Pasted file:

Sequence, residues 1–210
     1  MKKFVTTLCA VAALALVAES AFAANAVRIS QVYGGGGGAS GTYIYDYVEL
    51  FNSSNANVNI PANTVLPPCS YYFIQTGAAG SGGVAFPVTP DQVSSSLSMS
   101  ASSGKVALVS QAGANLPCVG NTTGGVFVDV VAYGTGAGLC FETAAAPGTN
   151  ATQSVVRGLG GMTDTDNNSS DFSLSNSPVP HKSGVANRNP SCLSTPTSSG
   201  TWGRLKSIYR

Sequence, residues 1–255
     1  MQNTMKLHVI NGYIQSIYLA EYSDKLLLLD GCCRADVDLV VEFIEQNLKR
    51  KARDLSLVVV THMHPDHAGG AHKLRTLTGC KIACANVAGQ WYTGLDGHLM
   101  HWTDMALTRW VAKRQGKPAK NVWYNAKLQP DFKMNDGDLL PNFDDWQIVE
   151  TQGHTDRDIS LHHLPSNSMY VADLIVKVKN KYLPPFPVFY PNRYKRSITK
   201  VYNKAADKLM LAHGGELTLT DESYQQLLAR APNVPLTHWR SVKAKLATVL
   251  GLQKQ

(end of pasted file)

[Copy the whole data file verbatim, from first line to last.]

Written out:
Sequence, residues 1–210
     1  MKKFVTTLCA VAALALVAES AFAANAVRIS QVYGGGGGAS GTYIYDYVEL
    51  FNSSNANVNI PANTVLPPCS YYFIQTGAAG SGGVAFPVTP DQVSSSLSMS
   101  ASSGKVALVS QAGANLPCVG NTTGGVFVDV VAYGTGAGLC FETAAAPGTN
   151  ATQSVVRGLG GMTDTDNNSS DFSLSNSPVP HKSGVANRNP SCLSTPTSSG
   201  TWGRLKSIYR

Sequence, residues 1–255
     1  MQNTMKLHVI NGYIQSIYLA EYSDKLLLLD GCCRADVDLV VEFIEQNLKR
    51  KARDLSLVVV THMHPDHAGG AHKLRTLTGC KIACANVAGQ WYTGLDGHLM
   101  HWTDMALTRW VAKRQGKPAK NVWYNAKLQP DFKMNDGDLL PNFDDWQIVE
   151  TQGHTDRDIS LHHLPSNSMY VADLIVKVKN KYLPPFPVFY PNRYKRSITK
   201  VYNKAADKLM LAHGGELTLT DESYQQLLAR APNVPLTHWR SVKAKLATVL
   251  GLQKQ